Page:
We have a small team ofadvisors dedicated to tribal relationswho are committed to working closely and collaboratively with tribal governments to provide planning information and guide implementation on each reservation in accordance with a location's unique needs and priorities:
Josh Edelstein joins the Buy-Back Program after nearly eight years with the Department of the Interior's Office of the Solicitor, Indian Trust Litigation Office & Division of Indian Affairs. In the Office of the Solicitor, Mr. Edelstein served as the point of contact and lead attorney for the Buy-Back Program, and was responsible for legal work and counsel for the implementation of the Program, including the development of the template used to negotiate and enter into cooperative agreements with tribal governments. Before joining Interior, Mr. Edelstein practiced law as an Associate at Krooth & Altman, LLP, in Washington, DC, and at Mariscal, Weeks, McIntyre & Friedlander, PA, in Phoenix, Arizona. Mr. Edelstein received a Bachelor of Arts at Bowdoin College, a Masters of Arts from the University of Colorado, Boulder, and holds a Juris Doctor from the University of Arizona James E. Rogers College of Law.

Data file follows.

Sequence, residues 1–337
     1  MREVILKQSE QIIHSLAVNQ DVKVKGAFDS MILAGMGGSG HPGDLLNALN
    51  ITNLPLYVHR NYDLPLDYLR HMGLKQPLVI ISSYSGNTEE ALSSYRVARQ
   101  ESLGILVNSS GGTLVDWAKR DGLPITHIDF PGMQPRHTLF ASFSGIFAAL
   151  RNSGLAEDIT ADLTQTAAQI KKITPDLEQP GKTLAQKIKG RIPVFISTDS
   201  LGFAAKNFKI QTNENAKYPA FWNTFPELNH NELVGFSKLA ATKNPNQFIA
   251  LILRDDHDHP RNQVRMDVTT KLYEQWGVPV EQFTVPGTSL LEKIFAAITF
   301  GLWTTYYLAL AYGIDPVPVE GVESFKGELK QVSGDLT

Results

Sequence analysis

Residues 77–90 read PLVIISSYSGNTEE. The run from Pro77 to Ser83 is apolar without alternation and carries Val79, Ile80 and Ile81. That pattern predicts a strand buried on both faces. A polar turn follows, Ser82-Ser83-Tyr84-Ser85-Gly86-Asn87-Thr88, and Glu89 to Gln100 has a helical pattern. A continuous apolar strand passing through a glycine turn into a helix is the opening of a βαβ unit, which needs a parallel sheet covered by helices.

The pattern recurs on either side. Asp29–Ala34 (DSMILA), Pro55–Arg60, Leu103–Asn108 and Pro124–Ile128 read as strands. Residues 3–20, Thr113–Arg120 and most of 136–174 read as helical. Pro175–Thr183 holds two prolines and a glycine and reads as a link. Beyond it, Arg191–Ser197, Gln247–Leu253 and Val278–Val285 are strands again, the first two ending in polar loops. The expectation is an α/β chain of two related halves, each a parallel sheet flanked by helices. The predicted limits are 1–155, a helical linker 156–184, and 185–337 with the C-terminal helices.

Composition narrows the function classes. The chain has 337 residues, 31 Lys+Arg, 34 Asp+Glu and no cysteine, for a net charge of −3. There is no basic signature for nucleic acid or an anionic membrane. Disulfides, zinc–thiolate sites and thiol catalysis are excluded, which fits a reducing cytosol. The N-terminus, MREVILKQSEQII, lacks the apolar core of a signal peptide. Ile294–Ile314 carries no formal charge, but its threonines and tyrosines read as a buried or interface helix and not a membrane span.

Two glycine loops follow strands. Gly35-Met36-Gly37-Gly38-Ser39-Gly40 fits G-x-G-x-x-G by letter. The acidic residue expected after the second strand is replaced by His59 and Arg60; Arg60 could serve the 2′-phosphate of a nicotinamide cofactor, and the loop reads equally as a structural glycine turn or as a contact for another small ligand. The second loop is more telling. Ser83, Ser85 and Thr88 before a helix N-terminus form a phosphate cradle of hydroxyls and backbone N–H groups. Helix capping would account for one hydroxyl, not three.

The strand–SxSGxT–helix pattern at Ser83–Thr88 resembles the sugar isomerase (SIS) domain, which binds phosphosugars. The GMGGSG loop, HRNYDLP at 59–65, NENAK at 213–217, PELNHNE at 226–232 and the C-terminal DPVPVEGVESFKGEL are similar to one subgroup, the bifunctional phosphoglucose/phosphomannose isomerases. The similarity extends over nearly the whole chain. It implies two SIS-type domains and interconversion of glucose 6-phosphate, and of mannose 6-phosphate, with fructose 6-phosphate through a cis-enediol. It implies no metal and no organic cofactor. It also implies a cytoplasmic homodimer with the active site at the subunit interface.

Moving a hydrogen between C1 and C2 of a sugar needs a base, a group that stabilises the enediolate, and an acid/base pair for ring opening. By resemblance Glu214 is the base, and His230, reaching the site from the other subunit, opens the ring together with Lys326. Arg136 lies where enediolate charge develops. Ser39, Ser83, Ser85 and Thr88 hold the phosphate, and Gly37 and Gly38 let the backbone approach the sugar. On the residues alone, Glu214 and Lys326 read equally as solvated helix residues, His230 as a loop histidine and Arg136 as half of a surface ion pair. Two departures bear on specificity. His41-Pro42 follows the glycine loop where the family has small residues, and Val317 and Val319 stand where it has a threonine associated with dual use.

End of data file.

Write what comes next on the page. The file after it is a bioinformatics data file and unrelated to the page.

Genevieve L. Giaccardo, also known as “GG,” began her federal career in the immediate office of the Office of the Special Trustee for American Indians (OST) in 2011 as a Special Assistant to the Principal Deputy Special Trustee, after having worked in Indian Country for over 15 years. She has contributed to tribal relations and consultation plans for various Departmental special projects, most notably the Extractive Industries Transparency Initiative (EITI), the Trust Administration System (TAS) Assessment for the Secretarial Commission on Indian Trust Administration and Reform, and most recently, directly supported the Indian Education Study Group, an inter-agency initiative with the Department of Education. Ms. Giaccardo has a B.A. in English (Professional Writing) from the University of New Mexico, and a Masters of Community and Regional Planning (MCRP) from the University’s School of Architecture and Planning. She is a member of the Pueblo of San Felipe in New Mexico.